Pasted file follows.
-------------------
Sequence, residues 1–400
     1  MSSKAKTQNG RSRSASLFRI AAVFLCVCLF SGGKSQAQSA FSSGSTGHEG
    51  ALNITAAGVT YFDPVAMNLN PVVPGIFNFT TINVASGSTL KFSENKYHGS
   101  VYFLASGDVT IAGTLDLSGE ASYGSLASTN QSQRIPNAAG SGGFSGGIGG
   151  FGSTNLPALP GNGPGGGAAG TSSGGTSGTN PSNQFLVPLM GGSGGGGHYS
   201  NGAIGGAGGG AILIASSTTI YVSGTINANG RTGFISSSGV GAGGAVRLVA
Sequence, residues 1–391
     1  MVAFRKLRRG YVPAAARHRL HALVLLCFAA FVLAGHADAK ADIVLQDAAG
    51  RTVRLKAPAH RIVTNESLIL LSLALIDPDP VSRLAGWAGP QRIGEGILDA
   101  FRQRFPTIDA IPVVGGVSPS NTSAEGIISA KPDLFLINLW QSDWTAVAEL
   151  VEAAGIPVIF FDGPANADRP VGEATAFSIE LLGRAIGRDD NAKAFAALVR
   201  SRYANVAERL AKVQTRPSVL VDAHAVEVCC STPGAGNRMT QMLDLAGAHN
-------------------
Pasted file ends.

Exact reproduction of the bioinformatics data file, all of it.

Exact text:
Sequence, residues 1–400
     1  MSSKAKTQNG RSRSASLFRI AAVFLCVCLF SGGKSQAQSA FSSGSTGHEG
    51  ALNITAAGVT YFDPVAMNLN PVVPGIFNFT TINVASGSTL KFSENKYHGS
   101  VYFLASGDVT IAGTLDLSGE ASYGSLASTN QSQRIPNAAG SGGFSGGIGG
   151  FGSTNLPALP GNGPGGGAAG TSSGGTSGTN PSNQFLVPLM GGSGGGGHYS
   201  NGAIGGAGGG AILIASSTTI YVSGTINANG RTGFISSSGV GAGGAVRLVA
Sequence, residues 1–391
     1  MVAFRKLRRG YVPAAARHRL HALVLLCFAA FVLAGHADAK ADIVLQDAAG
    51  RTVRLKAPAH RIVTNESLIL LSLALIDPDP VSRLAGWAGP QRIGEGILDA
   101  FRQRFPTIDA IPVVGGVSPS NTSAEGIISA KPDLFLINLW QSDWTAVAEL
   151  VEAAGIPVIF FDGPANADRP VGEATAFSIE LLGRAIGRDD NAKAFAALVR
   201  SRYANVAERL AKVQTRPSVL VDAHAVEVCC STPGAGNRMT QMLDLAGAHN